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Friday, December 30, 2011

Trombone Shorty on New Orleans Attitude, Growing Up With Hip-Hop, and Covering Lil Wayne

Posted By on Fri, Dec 30, 2011 at 9:18 AM

Trombone Shorty plays Friday and Saturday at the Fillmore.
  • Trombone Shorty plays Friday and Saturday at the Fillmore.

"I've been hearing hip-hop music since I was born." So says Trombone Shorty, the brass-playing band leader who grew up in the Tremé district of New Orleans' 6th Ward and has already amassed a Grammy nomination for his debut jazz album, Backatown. But while Shorty's second-line-style jazz chops are in fine fettle and well established, he's also very much part of the hip-hop generation -- musicians who grew up listening to the sound of rap, and are as at home interpolating a riff from Weezy as deferring to any jazz standard. So with shows in S.F. tonight (Dec. 30) and tomorrow (New Year's Eve) at the Fillmore, we checked in with Trombone Shorty and ran the rule over his rap credentials.

Throughout your career you've worked with hip-hop artists. Can you remember the first time you heard hip-hop music?

Yeah, my brother Buster [Andrews], he plays the drums with a band in New Orleans called the Lil' Rascals Brass Band and he's always been a big hip-hop fan, so I was listening to Ice Cube and N.W.A. and a whole bunch of hip-hop growing up in my house. I definitely heard hip-hop more than anything. Like, my brother would listen to it and I'd be around in the house, so he'd be in his room and I'd just catch the music and the styles that was going on.

So did you ever try and rap yourself?

No. I mean, I've tried but it was just something fun that me and my friends were doing 'cause we were inspired by the Big Tymers [Baby and Mannie Fresh] who were on Cash Money back in the day. Big Tymers were always fun and comical, and we were like, "We can do this" -- but we never did anything publicly, we just recorded some stuff for ourselves.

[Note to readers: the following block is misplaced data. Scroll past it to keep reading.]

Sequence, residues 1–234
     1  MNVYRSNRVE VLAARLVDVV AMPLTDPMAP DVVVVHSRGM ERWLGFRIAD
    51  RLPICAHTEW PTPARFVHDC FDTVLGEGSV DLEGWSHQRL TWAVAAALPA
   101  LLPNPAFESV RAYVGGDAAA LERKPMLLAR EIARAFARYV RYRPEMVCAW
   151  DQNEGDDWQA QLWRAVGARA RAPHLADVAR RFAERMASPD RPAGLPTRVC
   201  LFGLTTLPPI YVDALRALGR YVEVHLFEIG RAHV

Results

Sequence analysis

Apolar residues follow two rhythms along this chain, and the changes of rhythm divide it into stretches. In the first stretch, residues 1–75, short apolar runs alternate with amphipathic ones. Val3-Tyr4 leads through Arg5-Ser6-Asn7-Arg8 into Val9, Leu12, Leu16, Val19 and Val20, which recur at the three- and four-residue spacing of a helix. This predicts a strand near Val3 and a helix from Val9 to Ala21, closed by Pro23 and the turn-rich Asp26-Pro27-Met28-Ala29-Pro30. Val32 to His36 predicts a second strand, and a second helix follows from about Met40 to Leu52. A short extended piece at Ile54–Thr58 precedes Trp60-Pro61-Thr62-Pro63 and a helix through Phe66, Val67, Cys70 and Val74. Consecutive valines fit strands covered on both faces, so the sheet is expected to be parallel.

What was the reaction to the Big Tymers like in the city during that time?

The city still loves them and they were very famous then. The city supports its artists in New Orleans very strongly. It was inspiring seeing those guys come up and make way for the next generation.

Did you ever see Baby or Mannie Fresh around town during those days?

Yeah, 'cause I actually worked on one of the Big Tymers albums -- I think it was called Hood Rich. I got a chance to play on a track when I was younger, so I've been around them and seen them around.

How did the opportunity to play with the Big Tymers come about?

Mannie Fresh has been a fan of mine for a while, and he wanted to put some brass music on top of some tracks he was doing, and found a way to contact me. I was surprised -- I mean, I didn't know he knew who I was, but he's big into the whole New Orleans music scene and it was great to be around them and in that environment.

What was Mannie Fresh like to work with in the studio?

He's a great guy, very nice and easy, and let me do what I wanted to do on a track. At most, at times he might say, "I might want to try this or that." We've also worked together since and performed with each other live -- we have plans to get back in the studio. I mean, in New Orleans, Mannie Fresh is the king. He's the one that opened up a bunch of doors. He's a legend who's responsible for the Cash Money sound.

You've taken to covering Lil Wayne's "Lollipop" when you and your band play live. When did the idea for that come about?

Just when the song came out. I liked the song, I started playing it, and my band had all heard it before. We didn't rehearse it or anything -- we just did it one day on stage.

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Phillip Mlynar


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